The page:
RULES FOR AN EMERGENT MARKET: Selling paintings in late seventeenth-century London
Conditions of sale were a feature of the Roman auction, and probably published along with the written public announcement, the proscriptio , that preceded a sale. When such conditions appeared on the front pages of printed sale catalogues for paintings, prints and drawings in late seventeenth-century London, then, this was nothing new; but the rules themselves were almost certainly modified to fit the circumstances then prevailing. Here I wish to examine those rules and explore the rationale for either modifying traditional elements among them or introducing some for - it seems - the first time. I will also use the exploration as an occasion to conduct two additional probes. One of these will be into the likely level and structure of prices in these early London sales, the inquiry into structure revealing that many sales were two-in-one, appealing to dual audiences. The other probe will show that the market was also segmented by quality and location, which must have restricted the possibilities for immediate profitable resale and thus the likelihood that individuals' bids were influenced by those of others.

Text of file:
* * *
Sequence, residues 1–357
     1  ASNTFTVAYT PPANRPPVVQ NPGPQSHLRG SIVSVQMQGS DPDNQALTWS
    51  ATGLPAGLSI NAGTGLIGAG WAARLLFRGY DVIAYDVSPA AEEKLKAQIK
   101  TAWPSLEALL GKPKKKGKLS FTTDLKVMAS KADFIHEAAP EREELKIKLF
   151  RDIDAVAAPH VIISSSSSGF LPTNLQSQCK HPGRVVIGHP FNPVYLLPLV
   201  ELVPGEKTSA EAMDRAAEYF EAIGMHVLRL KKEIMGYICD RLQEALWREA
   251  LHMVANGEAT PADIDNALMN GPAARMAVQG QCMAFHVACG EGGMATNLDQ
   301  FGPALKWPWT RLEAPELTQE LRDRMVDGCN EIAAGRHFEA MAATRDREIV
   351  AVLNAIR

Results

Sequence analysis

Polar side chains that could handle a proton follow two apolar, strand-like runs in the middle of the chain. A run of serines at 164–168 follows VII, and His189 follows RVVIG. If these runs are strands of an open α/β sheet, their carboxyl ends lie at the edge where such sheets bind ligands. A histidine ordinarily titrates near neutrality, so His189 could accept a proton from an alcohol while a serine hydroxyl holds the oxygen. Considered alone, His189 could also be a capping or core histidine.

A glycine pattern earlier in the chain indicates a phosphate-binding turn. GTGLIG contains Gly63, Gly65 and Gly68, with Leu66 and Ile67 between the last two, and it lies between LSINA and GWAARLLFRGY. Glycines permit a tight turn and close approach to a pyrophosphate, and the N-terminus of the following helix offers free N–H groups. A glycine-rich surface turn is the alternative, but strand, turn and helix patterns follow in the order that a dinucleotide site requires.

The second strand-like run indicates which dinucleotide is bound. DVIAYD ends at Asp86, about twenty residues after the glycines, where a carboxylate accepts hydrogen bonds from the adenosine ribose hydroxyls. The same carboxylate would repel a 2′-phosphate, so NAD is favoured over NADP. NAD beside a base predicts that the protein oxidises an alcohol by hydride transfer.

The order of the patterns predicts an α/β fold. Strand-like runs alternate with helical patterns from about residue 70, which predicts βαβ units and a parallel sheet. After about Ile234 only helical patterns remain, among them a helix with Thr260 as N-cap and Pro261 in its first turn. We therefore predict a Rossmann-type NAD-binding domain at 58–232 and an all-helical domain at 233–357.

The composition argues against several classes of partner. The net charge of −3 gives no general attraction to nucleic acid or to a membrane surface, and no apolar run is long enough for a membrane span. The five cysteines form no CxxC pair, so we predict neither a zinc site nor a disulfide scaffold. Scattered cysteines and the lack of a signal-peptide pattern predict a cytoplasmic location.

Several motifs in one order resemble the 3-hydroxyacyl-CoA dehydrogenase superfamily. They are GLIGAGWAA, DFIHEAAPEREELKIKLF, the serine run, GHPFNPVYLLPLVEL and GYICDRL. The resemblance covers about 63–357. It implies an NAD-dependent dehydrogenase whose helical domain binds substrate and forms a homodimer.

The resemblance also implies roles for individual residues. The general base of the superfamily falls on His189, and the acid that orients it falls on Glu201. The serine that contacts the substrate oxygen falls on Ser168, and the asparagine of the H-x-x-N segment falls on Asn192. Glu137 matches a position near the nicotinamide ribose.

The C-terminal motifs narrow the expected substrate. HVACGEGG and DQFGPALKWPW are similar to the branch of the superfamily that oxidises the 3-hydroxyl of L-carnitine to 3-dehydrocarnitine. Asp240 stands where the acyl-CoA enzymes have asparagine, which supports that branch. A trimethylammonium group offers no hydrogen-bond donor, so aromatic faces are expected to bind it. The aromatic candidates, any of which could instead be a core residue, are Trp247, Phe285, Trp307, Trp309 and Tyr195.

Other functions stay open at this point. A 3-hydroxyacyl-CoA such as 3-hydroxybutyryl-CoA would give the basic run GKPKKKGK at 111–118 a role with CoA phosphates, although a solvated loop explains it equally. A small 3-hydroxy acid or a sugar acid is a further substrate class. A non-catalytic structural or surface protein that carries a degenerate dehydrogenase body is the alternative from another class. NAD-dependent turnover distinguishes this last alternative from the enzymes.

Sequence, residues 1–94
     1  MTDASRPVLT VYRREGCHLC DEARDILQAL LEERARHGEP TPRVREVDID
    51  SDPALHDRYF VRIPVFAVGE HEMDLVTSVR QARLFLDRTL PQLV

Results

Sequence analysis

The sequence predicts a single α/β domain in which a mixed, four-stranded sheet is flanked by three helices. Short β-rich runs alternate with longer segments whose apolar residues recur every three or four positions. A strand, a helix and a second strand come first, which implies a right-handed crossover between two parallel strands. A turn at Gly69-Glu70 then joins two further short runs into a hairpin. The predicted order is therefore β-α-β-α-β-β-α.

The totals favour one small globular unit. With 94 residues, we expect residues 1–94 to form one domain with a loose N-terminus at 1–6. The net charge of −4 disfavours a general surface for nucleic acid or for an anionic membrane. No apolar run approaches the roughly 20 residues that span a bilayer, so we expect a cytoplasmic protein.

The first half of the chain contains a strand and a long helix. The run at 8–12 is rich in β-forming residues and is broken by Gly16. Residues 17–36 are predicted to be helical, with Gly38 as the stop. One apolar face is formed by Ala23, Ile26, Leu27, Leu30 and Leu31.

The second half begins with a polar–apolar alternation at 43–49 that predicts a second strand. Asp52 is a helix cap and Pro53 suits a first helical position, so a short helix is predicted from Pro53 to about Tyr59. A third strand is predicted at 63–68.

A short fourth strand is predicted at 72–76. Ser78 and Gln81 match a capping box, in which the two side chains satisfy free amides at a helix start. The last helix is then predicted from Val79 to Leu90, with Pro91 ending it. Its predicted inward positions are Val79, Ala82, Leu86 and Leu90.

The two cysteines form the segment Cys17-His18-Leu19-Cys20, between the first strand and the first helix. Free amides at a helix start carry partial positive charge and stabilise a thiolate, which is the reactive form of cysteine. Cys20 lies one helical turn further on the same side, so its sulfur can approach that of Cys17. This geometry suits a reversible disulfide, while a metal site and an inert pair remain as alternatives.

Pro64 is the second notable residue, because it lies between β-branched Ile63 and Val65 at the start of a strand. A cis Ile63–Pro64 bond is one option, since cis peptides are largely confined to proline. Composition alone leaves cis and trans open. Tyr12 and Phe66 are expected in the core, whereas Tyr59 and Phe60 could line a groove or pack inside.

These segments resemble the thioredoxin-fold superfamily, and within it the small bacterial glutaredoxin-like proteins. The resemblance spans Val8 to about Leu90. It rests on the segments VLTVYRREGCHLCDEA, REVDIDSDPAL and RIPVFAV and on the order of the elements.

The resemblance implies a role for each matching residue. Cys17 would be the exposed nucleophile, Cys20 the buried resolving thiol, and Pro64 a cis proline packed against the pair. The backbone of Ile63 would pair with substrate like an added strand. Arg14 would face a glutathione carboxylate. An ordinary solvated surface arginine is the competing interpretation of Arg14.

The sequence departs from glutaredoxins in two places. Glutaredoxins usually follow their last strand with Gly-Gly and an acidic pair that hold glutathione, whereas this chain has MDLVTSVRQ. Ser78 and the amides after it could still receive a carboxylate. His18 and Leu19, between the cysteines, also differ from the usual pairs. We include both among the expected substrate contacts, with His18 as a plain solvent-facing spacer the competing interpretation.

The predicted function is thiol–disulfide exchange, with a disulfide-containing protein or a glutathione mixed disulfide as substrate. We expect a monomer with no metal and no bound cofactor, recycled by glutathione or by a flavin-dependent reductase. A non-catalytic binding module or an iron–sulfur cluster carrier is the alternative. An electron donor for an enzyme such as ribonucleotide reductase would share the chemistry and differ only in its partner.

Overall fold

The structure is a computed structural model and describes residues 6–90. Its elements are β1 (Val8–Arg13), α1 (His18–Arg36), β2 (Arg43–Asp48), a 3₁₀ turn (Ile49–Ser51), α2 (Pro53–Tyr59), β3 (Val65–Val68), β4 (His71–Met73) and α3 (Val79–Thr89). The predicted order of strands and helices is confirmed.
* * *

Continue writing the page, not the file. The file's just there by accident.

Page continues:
|Date of creation:||2002|
|Contact details of provider:|| Postal: Department of Economics Duke University 213 Social Sciences Building Box 90097 Durham, NC 27708-0097|
Phone: (919) 660-1800
Fax: (919) 684-8974
Web page: http://econ.duke.edu/
When requesting a correction, please mention this item's handle: RePEc:duk:dukeec:02-33. See general information about how to correct material in RePEc.
For technical questions regarding this item, or to correct its authors, title, abstract, bibliographic or download information, contact: (Department of Economics Webmaster)
If references are entirely missing, you can add them using this form.